Lecture, Online Video     Series: Oregon History 101

A Century by Sea and Land: Explorers and Traders in Oregon Country, 1741-1830

During a century of sometimes intense maritime and terrestrial exploration, EuroAmericans sailed and trekked to Oregon Country and made charts and maps that informed the world about the Northwest Coast of North America and the interior Pacific Northwest. Their experiences, the effect they had on Native people, and the interest they stimulated about the region set agendas for subsequent events that affect Oregonians to the present day.

A Century by Sea and Land: Explorers and Traders in Oregon Country, 1741-1830Using knowledge gained from explorers, British and American fur companies envisioned control of the rich natural resources of the Oregon Country-especially its fur-bearing animals, timber, and salmon-as the path to profit and power in what soon became a jointly-occupied territory.

In the process of extracting key resources, these fur traders transformed area networks of commerce, transportation, and communication; established new communities; linked the Oregon Country to the global marketplace; and helped lay the groundwork for key political boundaries, cities, and transportation corridors known in Oregon today.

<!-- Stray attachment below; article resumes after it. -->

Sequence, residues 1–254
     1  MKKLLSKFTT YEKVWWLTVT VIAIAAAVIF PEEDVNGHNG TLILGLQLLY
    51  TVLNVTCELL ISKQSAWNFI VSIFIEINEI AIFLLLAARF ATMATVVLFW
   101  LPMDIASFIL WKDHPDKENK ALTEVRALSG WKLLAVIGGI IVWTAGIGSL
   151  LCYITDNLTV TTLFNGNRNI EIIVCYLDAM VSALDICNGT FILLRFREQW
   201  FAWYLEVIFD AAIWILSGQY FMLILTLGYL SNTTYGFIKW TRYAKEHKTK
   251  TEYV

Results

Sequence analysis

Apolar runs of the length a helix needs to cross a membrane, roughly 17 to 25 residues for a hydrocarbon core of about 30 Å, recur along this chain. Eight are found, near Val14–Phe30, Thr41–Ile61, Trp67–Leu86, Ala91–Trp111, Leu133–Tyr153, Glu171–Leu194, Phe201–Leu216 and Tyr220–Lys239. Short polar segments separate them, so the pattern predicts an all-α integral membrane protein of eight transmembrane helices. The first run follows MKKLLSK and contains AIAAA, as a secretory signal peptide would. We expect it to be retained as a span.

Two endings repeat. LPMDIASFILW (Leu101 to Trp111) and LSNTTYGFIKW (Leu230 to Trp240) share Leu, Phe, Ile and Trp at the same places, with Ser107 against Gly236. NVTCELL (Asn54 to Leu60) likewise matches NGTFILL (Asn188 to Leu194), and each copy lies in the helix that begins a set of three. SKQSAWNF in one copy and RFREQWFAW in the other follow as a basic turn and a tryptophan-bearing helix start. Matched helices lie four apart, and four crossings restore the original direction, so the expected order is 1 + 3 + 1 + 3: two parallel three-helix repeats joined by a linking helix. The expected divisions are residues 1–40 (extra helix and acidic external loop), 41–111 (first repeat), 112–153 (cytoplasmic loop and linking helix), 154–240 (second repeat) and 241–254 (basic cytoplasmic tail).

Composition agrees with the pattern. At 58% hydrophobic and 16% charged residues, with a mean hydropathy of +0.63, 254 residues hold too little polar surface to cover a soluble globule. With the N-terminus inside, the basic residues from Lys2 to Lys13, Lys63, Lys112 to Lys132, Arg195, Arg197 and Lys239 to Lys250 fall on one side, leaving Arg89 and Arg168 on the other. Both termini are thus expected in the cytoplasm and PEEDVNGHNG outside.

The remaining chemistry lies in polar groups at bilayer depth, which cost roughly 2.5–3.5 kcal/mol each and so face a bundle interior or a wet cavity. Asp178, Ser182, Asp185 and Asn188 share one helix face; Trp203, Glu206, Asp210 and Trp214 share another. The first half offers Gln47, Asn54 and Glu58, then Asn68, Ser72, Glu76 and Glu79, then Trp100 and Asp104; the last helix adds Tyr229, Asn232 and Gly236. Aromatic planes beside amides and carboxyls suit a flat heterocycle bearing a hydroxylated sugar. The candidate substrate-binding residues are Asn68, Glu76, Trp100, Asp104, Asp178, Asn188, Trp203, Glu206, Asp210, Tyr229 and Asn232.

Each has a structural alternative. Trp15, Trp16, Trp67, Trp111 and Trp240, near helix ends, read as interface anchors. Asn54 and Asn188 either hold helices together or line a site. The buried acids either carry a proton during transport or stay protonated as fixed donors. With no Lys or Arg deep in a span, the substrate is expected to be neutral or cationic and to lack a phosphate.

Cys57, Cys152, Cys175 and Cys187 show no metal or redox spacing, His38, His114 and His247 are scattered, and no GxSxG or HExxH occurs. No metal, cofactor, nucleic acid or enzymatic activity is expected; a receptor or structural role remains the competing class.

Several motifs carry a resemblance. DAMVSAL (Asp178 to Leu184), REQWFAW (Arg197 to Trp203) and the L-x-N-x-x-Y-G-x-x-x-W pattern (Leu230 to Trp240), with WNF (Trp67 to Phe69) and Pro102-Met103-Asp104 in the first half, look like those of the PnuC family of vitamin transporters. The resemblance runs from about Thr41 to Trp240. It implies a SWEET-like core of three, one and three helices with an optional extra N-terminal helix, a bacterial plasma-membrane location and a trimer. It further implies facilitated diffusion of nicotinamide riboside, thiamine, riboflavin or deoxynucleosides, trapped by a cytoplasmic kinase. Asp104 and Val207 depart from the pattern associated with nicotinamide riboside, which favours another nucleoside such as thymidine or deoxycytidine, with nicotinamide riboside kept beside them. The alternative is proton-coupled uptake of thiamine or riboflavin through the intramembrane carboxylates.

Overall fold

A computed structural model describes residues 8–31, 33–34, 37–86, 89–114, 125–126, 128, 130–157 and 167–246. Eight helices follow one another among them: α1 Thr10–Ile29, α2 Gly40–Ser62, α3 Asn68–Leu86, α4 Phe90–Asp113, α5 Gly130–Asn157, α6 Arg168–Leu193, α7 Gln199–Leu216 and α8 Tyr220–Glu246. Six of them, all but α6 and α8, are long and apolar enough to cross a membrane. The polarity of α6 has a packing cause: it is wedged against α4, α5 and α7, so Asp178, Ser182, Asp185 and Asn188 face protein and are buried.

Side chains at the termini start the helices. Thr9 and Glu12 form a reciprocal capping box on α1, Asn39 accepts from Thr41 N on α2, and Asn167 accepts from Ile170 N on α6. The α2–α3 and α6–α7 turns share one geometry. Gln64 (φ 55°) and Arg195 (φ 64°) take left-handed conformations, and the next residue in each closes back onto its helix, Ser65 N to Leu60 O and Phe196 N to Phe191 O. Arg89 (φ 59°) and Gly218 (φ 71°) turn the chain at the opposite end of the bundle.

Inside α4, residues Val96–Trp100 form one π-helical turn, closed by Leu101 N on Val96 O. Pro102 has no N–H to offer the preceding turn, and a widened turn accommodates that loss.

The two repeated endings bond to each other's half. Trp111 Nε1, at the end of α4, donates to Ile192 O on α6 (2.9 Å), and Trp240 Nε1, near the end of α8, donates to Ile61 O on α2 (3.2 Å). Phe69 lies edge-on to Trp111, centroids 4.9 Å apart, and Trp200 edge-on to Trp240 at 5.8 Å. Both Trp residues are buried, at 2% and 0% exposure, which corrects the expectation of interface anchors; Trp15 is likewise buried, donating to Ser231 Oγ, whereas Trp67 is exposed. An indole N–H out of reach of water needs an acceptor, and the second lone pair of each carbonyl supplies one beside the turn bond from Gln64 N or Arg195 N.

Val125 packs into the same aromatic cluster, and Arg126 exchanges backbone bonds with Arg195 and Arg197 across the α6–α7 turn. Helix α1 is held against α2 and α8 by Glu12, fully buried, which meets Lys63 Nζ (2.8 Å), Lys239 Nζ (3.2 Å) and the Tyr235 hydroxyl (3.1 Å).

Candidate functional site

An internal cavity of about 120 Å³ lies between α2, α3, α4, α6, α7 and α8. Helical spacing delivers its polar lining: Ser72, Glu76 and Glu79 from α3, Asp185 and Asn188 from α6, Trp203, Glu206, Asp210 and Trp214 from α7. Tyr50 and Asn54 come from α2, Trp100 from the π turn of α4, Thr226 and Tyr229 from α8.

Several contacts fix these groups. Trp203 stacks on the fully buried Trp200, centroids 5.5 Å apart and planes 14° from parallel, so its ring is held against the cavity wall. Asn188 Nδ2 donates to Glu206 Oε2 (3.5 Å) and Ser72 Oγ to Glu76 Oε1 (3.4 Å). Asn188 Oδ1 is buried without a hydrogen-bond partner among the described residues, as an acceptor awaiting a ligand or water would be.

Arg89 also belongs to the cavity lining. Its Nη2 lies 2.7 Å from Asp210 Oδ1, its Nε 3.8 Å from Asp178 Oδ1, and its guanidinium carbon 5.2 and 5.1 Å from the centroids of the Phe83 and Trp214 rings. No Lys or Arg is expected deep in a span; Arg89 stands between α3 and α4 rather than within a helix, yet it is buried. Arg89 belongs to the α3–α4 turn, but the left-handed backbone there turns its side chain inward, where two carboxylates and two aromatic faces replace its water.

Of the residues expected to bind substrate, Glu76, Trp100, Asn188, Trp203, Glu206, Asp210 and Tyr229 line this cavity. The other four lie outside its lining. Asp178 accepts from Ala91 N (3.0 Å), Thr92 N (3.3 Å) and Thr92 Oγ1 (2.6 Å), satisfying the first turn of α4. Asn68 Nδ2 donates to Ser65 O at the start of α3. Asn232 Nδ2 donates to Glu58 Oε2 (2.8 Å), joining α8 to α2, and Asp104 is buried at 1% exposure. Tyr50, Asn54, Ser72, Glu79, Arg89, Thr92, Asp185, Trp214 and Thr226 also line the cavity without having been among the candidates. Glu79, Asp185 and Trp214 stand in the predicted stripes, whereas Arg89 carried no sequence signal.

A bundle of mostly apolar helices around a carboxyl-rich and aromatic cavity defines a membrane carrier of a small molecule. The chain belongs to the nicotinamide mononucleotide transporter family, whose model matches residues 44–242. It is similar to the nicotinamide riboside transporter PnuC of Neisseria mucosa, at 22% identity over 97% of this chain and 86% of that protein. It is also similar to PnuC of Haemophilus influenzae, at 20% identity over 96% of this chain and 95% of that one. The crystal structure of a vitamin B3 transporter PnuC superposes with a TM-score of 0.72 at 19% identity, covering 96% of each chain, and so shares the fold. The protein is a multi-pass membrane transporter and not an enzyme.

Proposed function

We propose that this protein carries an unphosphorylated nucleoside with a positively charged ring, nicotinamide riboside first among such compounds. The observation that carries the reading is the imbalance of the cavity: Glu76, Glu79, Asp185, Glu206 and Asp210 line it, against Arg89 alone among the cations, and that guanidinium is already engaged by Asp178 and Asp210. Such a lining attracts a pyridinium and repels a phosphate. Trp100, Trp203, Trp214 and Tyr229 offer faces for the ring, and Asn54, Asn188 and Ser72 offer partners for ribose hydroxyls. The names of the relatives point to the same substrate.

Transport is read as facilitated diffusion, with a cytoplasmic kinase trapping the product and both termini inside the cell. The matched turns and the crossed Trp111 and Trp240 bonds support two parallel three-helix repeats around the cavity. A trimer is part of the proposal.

Event Type: Lecture, Online Video

William L. Lang is Emeritus Professor of History at Portland State University, the founding director of the Center for Columbia River History, and founding editor of The Oregon Encyclopedia. He is the author and editor of many books and articles on the Columbia River and the Pacific Northwest. Gregory P. Shine is the Chief Ranger and Historian at Fort Vancouver National Historic Site and the Northwest Cultural Resources Institute. The author of numerous articles, studies, and digital publications, he serves on the editorial board of the Oregon Encyclopedia and is an adjunct faculty member in the History Department at Portland State University.

Many of the images prepared by the speakers for Oregon 101 presentations are copyrighted by institutions other than the Oregon Historical Society. The Oregon Historical Society may not make those images available on the Web, so the PowerPoints have been excluded from the videos.